Plato V/S Aristotle Philosophies Free Essays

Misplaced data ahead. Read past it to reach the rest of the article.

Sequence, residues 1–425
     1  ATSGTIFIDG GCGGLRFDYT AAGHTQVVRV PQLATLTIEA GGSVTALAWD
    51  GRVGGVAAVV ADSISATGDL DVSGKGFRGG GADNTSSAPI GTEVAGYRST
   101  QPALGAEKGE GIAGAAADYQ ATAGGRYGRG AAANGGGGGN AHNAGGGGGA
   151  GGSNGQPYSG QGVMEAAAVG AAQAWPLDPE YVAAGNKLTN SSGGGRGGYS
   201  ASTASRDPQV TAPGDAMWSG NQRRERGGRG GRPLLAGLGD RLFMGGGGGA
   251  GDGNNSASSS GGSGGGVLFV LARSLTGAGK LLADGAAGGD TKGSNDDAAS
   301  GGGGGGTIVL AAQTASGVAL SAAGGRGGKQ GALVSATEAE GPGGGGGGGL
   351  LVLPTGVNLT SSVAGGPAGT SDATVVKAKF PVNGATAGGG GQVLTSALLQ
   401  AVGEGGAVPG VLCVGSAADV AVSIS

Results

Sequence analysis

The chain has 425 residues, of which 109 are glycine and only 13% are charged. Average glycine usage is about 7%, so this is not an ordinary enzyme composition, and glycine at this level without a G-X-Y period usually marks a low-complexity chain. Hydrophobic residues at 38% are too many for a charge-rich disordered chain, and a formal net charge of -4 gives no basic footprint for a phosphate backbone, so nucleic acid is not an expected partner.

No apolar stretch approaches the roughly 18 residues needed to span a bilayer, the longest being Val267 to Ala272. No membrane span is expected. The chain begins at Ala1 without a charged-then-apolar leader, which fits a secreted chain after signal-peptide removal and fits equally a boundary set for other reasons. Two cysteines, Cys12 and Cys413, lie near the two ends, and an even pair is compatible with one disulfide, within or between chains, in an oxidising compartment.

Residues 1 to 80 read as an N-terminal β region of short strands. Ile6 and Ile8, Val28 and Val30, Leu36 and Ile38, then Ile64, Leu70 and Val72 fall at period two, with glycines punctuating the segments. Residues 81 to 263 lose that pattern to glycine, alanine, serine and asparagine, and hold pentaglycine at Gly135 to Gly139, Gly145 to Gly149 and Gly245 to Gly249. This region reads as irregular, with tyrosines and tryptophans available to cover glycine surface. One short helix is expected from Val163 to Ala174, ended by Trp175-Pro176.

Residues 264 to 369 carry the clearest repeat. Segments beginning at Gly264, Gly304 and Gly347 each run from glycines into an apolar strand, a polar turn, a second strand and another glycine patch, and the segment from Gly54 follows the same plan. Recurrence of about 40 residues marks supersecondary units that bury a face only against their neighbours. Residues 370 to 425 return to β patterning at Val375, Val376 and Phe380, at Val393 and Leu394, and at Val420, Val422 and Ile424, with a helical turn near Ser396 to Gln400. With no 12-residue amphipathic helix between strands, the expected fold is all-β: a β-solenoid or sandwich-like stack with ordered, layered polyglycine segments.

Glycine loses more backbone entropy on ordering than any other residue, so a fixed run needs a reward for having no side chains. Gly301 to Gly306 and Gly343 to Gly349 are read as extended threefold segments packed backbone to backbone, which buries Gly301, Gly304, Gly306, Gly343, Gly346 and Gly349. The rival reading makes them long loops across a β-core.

The questions that were posed: Plato or Aristotle, What are the differences in the philosophies of Plato and Aristotle? Which philosophy might have been the better one to live by in the era? Give examples and details to support your argument. Plato, who was the most famous student of Socrates, thought like Socrates and was not happy with the Athenian society as it was. Plato was even more upset with the Athenian society because they had his teacher put to death; even though it was reported that many of the Athenians were sorry for having done this. We will write a custom essay sample on Plato V/S Aristotle Philosophies or any similar topic only for you Order Now Hunt et al, 88) Both Socrates and Plato were republicans. He called democracy â€Å"a charming form of government†. In his dialogue â€Å"The Republic†, Plato is said to be a blue print for a perfect society. In it he talks about justice, statesmanship, ethics and politics. He did not believe that justice could be achieved through democracy. It is democracy that he blamed for the death of his teacher. (90) He wanted the â€Å"Republic† to warn the people of Athens that they needed a good education, respect for the law and leaders of their society. He felt there should be a stronger community base; like it was before the wars and the arrival of this democracy. The way people were able to understand what he called â€Å"the truth of the Forms† was how he would rank people in his perfect society. Plato felt that women could rank as high as men since they had the same virtues. He felt that these people could live together in the same barracks area and could have sex to make more enlightened children. Plato felt that society should be run by someone from this communal area. The ones who were the highest in enlightenment would be the ones to govern over the people. They would be called philosopher-kings. In his school that he named the Academy, after Academus or Hecademus, a mythical hero who had a cult following, Plato taught that people are born with knowledge. He said it was not learned after birth. It was only recalled. He said that knowledge is only in the mind. There is supposed to be a higher level that people are supposed to experience over and above that of the senses. This is needed because the senses have a tendency to deceive. There is a need for a higher plane of existence called Forms. These Forms allow the person to better understand the ultimate truth. Aristotle, even though he was taught by Plato had different ideas about how things should go. Aristotle was said to have been the tutor for Alexander the Great. He was also a biologist that was called a polymath, which means he knew much about everything. He too started his own school. It was called Lyceum. He did not believe that there was an Essence or Form. He believed in nothing but the facts. Where Plato said that knowledge was born inside everyone, Aristotle said that knowledge comes from experience. The thought is that Rationalism knowledge comes from experience and Empiricism knowledge (posterior) comes after experience. Aristotle also had a great confidence in sense perception. He felt that there are principles that come from experience. His beliefs would not allow him to believe that there is a world of Forms that transcends time and space. He said that if there were Forms and absolutes they would have to be found in the thing itself. He is best known for his ideas that logic is the way to win an argument rather than being persuasive. To him, looking at things in their natural settings would allow one to find out more about it. Aristotle did not think that women could be equal to men because of his false idea about biology. And he felt that slavery was not a bad thing. Aristotle did not believe that all people had the â€Å"rational part that should rule in a human†. (91) He like Plato did not think it was a good idea for regular people to run the government. He also felt that â€Å"better† people were needed to handle this. (91) According to Aristotle people should be able to train their minds to overcome the impulses that people have. He was not telling people to not do what they felt good doing. He just wanted them to think things through before they did them. The intellect of the human mind should be able to outshine the human will. The mind to Aristotle was the â€Å"god-like† part of the human and it was the part that should and could find the balance needed to keep what you want from ruling your common sense. Plato put the person’s will and self-control in the hands of someone else. Aristotle on the other hand felt that man is in charge of his own destiny and makes the ultimate decision to do something or not. In our society today there is a basis for what Aristotle thought in the way of philosophy. Many in the West value the concept that self-control overrules wantonness. Since the basis for society prewar was in the form of deities and Plato’s school of thought is still seemingly based on a type of deity, maybe the best way for the people of that era to be was more along the lines of Aristotle. His was would cause the people to think more about what they were doing. This may have been the best way for the culture to retain its once prosperous status. This would afford the Athenians the opportunity to rule rather than be ruled. When one accepts the consequences for their own actions and think about what could happen if they do things a certain way, it is less likely that the situation will turn out badly. The parts, of his philosophy, that were not good for that time is the thoughts on slavery and women. This would not promote unity which is what was needed. Works cited Hunt, Lynn, Thomas R. Martin, Barbara H. Rosenwein, Bonnie G. Smith. The Making of the West, Peoples and Culture, A Concise History. 3rd ed. Boston / New York. Bedford / Martin. 2013. Print How to cite Plato V/S Aristotle Philosophies, Papers